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R. W. Higgins
and
W. Shi

Abstract

Relationships between Gulf of California moisture surges and tropical cyclones (TCs) in the eastern Pacific basin are examined. Standard surface observations are used to identify gulf surge events at Yuma, Arizona, for a multiyear (July–August 1979–2001) period. The surges are related to TCs using National Hurricane Center 6-hourly track data for the eastern Pacific basin. Climate Prediction Center (CPC)- observed daily precipitation analyses and the NCEP Regional Reanalysis are used to examine the relative differences in the precipitation, atmospheric circulation, and moisture fields for several categories of surge events, including those that are directly related to TCs, indirectly related to TCs, and not related to TCs.

It is shown that the response to the surge in the southwestern United States and northwestern Mexico is strongly discriminated by the presence or absence of TCs. Surges related to TCs tend to be associated with much stronger and deeper low-level southerly flow, deeper plumes of tropical moisture, and wetter conditions over the core monsoon region than surges that are unrelated to TCs. The response to the surge is also strongly influenced by the proximity of the TC to the Gulf of California (GOC) region. Tropical cyclones that track toward the GOC region exert a stronger, more direct influence on Yuma surges than those that track away from the GOC.

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R. W. Higgins
and
W. Shi

Abstract

Interannual variability of the summer monsoon in the southwestern United States is controlled by various ocean- and land-based conditions (e.g., SST, soil moisture, and snow cover) that provide sources of memory of antecedent climate anomalies such as ENSO. It is hypothesized that this interannual variability is also modulated by decade-scale fluctuations in the North Pacific SSTs.

The following observations have been made in support of this hypothesis. First, the summer precipitation regime is dominated by a continental-scale precipitation pattern characterized by an out-of-phase relationship between precipitation in the southwestern United States and that in the Great Plains of the United States. Second, interannual fluctuations in the onset date of the monsoon in the southwestern United States are significantly correlated with interannual fluctuations in the intensity of summer rainfall in this region such that early monsoons are often very wet and late monsoons tend to be dry. Third, wet (dry) monsoons in the southwestern United States often follow winters characterized by dry (wet) conditions in the southwestern United States and wet (dry) conditions in the northwestern United States. Finally, interannual variability of the summer monsoon in the southwestern United States is modulated by long-term (decade scale) fluctuations in the North Pacific SSTs. The mechanism relating the North Pacific SST pattern to interannual variability in the summer monsoon appears to be via the impact of variations in the Pacific jet on West Coast precipitation regimes during the preceding winter. Multiyear fluctuations in the North Pacific SST pattern are consistent with multiyear fluctuations in the atmospheric circulation and in the West Coast precipitation regimes during Northern Hemisphere (NH) winter, hence with multiyear variability in the summer monsoon state. Influences on the summer monsoon during the preceding winter and spring are tied together using appropriate SST indices that capture decade-scale variability in the North Pacific during NH winter and interannual variability in the eastern tropical Pacific during NH spring. The results suggest that decadal variability in the North Pacific SSTs may be an important factor in determining long-term periods of summertime drought or rainy conditions both in the southwestern United States and in the Great Plains of the United States.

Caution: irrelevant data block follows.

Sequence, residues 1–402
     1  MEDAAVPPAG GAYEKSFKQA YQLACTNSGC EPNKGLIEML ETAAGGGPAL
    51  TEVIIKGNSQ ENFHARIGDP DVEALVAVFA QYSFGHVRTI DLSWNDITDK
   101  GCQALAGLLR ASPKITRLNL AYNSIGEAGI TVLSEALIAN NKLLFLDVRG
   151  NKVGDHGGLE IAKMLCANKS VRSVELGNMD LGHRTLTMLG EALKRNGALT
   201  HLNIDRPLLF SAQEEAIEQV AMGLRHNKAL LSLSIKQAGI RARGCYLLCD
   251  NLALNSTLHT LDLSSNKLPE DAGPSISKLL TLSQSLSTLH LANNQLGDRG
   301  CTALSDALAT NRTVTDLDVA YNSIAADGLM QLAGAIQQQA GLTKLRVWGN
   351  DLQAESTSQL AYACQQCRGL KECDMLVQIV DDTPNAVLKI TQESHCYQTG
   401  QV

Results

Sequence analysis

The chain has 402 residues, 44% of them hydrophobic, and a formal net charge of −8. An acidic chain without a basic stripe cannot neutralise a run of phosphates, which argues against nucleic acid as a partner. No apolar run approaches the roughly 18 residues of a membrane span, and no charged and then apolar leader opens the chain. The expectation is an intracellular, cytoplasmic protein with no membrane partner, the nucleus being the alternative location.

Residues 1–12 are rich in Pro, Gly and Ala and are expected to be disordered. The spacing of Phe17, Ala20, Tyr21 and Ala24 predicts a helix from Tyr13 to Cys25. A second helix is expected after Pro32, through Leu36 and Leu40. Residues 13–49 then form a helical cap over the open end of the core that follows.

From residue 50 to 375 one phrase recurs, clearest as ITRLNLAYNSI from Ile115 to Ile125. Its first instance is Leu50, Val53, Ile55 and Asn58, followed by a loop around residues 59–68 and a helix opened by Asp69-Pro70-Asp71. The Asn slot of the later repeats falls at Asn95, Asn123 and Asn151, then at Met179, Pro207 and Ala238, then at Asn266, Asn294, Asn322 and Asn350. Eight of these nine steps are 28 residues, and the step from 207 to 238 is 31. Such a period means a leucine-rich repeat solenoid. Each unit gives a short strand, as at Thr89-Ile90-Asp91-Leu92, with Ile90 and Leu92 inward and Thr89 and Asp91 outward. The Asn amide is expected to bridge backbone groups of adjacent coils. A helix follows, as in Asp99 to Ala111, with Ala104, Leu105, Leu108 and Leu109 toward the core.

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R. W. Higgins
and
W. Shi

Abstract

Time series of seasonal-, monthly, and pentad-mean precipitation are subjected to empirical orthogonal function analysis, regression analysis, and compositing techniques to study the principal modes of interannual and intraseasonal variability of the North American Monsoon System (NAMS). The leading principal component (PC) from the summertime seasonal-mean data is associated with El Niño–Southern Oscillation (ENSO) variability while the leading PC from the pentad-mean data is associated with 30–60-day intraseasonal (Madden–Julian) oscillations (MJOs). The leading PC from the monthly mean data is a hybrid of the two above-mentioned modes, capturing aspects of both. The leading PCs are used as reference time series for regressions and composites that reveal the structure of the principal modes and their manifestation in the NAMS. The leading PCs are also used to estimate the fraction of the variance of summer precipitation that is explained by ENSO and by interannual variations of MJO activity.

ENSO-related impacts on the NAMS are linked to meridional adjustments of the ITCZ. In its positive polarity, the leading PC of interannual variability is associated with warm (ENSO) episodes and is characterized by an expansion of the ITCZ toward the south, increased precipitation in a zonally oriented band just north of the equator, and decreased precipitation over Mexico and portions of the Caribbean. MJO-related impacts on the NAMS are linked to more regional meridional adjustments in the precipitation pattern over the eastern tropical Pacific. In its positive polarity, the leading PC of intraseasonal variability is associated with an intensification and northward adjustment of the precipitation pattern in the eastern tropical Pacific, with increased precipitation over the warm pool to the west of Mexico and over portions of Mexico and the southwestern United States. Both the interannual and intraseasonal modes have well-defined, but distinct, sea level pressure and surface wind signatures in the eastern tropical Pacific. These features extend to the middle troposphere and are capped by circulation features in the opposite sense in the upper troposphere.